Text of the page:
Michael P. Chu
The goal of this column is to enlighten our readers about the private endeavors of attorneys who are part of the MCCA network. By examining lawyers and their work practices by day in contrast to the personal interests that they pursue outside of the office, it is our hope that this series of articles allows our readers to see the other side of lawyers who manage to pursue unique interests despite their demanding careers.
Michael P. Chu
Weekday mornings, Michael P. Chu is off to work at Brinks Hofer Gilson & Lione’s downtown Chicago office, where he is a shareholder and intellectual property attorney specializing in patent, trademark, and copyright matters. Rather than drive or take the bus, some days he opts to run the six miles—this way he gets in some training for the Chicago Marathon that he runs each fall. Along the way, Chu often takes out his camera, which he carries wherever he goes, and shoots a few inspired pictures for his daily photo blog. (He likes to post a new image every day.) After a busy day of litigating, writing patent applications, policing knockoffs, and responding to clients, Chu typically makes time for yet another of his passions—music. Because the professional-quality saxophone quartet to which he belonged for several years is currently on hiatus, Chu is playing the sax or piano at home these days, solo or along with his three young children.
For Chu, making the effort to consistently incorporate the things he enjoys doing into his daily life is imperative. Even though his vocation and avocations are varied and require a high level of dedication and seriousness, he easily laughs off the “Renaissance man” tag, preferring to downplay his abilities. “I’m no more talented than the next guy,” he says with conviction. “It’s just that I take the time to nurture and create a platform for my interests. I like that they’re different and I like to do them often—it’s a great stress reducer, and it actually makes me more productive at work. Work/life balance is important, and I’ve found a way to manage that balance.”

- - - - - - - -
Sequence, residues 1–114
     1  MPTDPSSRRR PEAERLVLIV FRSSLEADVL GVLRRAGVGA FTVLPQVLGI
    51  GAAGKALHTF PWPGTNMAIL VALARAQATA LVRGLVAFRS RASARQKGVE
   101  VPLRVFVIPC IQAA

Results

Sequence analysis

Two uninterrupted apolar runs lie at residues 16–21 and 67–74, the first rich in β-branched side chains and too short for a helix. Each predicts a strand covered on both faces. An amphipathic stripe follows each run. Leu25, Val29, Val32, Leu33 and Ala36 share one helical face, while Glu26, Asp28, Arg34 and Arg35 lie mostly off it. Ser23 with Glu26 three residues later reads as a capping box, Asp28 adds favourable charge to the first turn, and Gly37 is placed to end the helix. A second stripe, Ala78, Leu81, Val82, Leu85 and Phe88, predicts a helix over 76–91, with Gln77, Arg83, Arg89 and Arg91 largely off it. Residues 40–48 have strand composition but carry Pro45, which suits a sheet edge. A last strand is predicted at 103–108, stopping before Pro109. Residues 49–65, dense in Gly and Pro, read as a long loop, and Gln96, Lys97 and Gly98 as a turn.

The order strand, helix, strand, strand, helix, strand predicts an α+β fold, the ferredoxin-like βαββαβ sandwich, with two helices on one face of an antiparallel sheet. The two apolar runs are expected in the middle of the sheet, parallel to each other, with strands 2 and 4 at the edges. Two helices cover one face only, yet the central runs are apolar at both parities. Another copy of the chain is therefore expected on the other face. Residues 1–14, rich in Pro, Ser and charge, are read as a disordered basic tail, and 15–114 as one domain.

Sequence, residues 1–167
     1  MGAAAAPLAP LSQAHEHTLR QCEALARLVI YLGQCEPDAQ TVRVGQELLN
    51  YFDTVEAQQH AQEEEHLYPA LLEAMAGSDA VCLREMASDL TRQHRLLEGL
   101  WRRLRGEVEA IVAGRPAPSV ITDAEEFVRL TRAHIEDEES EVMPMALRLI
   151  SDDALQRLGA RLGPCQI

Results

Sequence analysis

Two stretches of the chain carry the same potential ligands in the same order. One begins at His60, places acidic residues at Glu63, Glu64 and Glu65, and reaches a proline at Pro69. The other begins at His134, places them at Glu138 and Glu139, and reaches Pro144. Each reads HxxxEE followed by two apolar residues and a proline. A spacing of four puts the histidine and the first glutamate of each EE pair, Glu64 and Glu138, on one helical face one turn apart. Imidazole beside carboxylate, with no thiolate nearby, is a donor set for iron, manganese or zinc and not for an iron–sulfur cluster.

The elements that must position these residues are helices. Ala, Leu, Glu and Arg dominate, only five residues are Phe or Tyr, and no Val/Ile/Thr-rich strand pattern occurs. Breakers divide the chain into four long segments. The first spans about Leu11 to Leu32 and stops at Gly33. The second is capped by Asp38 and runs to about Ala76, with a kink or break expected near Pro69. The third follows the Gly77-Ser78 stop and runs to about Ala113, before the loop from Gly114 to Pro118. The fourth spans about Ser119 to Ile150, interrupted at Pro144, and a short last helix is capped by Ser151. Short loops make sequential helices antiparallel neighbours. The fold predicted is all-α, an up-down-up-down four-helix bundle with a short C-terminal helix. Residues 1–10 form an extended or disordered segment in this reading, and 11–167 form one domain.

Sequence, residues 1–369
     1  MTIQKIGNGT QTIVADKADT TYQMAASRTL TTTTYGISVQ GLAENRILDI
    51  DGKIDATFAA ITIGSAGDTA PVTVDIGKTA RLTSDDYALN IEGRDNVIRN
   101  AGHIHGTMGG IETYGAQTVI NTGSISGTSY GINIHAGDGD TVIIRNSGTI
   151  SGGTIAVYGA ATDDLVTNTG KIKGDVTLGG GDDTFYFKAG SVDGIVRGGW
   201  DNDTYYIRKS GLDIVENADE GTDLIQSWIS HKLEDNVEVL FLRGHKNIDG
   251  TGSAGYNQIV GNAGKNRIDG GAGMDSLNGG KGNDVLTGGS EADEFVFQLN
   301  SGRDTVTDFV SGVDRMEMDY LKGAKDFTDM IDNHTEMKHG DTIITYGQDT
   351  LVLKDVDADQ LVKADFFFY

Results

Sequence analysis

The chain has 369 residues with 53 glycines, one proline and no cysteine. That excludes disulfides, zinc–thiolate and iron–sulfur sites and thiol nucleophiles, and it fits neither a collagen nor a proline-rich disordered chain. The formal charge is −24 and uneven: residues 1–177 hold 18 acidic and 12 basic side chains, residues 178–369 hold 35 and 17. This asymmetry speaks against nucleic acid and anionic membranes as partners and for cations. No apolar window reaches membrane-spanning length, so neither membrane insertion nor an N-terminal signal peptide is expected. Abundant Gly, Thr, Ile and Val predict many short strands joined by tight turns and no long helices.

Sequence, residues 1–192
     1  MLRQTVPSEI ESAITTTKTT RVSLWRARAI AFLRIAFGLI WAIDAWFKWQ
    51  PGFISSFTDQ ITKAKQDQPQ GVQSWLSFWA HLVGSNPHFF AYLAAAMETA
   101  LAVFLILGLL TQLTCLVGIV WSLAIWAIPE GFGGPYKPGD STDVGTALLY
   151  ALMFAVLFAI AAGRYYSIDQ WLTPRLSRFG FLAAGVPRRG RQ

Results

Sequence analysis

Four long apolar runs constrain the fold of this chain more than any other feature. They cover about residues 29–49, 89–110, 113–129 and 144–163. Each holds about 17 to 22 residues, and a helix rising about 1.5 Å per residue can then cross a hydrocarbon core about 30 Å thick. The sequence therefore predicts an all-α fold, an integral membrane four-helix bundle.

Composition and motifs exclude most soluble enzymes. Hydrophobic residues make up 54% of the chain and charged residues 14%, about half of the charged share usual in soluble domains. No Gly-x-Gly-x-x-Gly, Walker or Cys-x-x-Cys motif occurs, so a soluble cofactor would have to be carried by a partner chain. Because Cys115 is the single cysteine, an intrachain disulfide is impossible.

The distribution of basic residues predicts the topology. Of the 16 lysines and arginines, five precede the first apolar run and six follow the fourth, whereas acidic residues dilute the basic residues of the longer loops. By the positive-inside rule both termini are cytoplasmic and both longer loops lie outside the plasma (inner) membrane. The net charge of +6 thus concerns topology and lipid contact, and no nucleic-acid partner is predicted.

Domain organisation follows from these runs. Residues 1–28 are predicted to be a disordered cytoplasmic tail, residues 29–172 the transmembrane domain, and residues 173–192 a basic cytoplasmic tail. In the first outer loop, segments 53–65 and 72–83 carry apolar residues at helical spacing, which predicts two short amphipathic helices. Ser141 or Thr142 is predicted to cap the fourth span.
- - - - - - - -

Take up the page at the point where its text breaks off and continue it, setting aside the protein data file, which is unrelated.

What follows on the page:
Admittedly, the singular pursuit has never been Chu’s thing. As a freshman studying mechanical engineering at the University of Illinois, he attended a career fair where a recent alumnus described spending his first year as an engineer at a large manufacturing firm redesigning a leaky diaper. At the same event, a patent lawyer spoke. “He talked about having different things on his desk every day: projects relating to technical matters, some litigation, writing patent applications, and explaining things to clients and corporate governing bodies,” remembers Chu. “That variety sounded much more interesting to me. And when I began my job 16 years ago, that’s exactly how it was, and it’s still just as exciting today.”
|vo-ca-tion /vo-ke-shun/ [voh-key-shuhn] noun— a particular occupation, business, or profession; calling.|
After graduating from the College of William and Mary’s Marshall-Wythe School of Law in 1992, where he was one of two Asian students in a class of 170, Chu returned to his hometown of Chicago and started as an associate at Brinks Hofer, a nationally ranked patent law firm. While Chu, a former National Asian Pacific American Bar Association president, recalls experiencing harassment as a youth when his family moved to an all-white suburb, he describes his professional career as quite different and very satisfying. “I’ve been very fortunate,” he says. “I’ve found fantastic mentors at my firm and elsewhere who assisted my career development. At the same time, we can always do more, especially for attorneys of color. My firm has taken an imperative approach toward diversity, and my goal is to open up even more opportunities for those who come after me. I see it as my responsibility to set an example.” His firm has been thoroughly supportive of his activities with NAPABA and other bars of color, not to mention his other more “rightbrained” pursuits.
Rain or shine: Michael runs with his fellow Brinks Hofer lawyers along Lake Michigan on an eight-mile course. From left: Heidi Dare, Ben Findley, John Haugen, Vince Gnoffo, Michael Chu, Robert Summers, Mike Dreznes.
Photo by Audrey Cho Photograph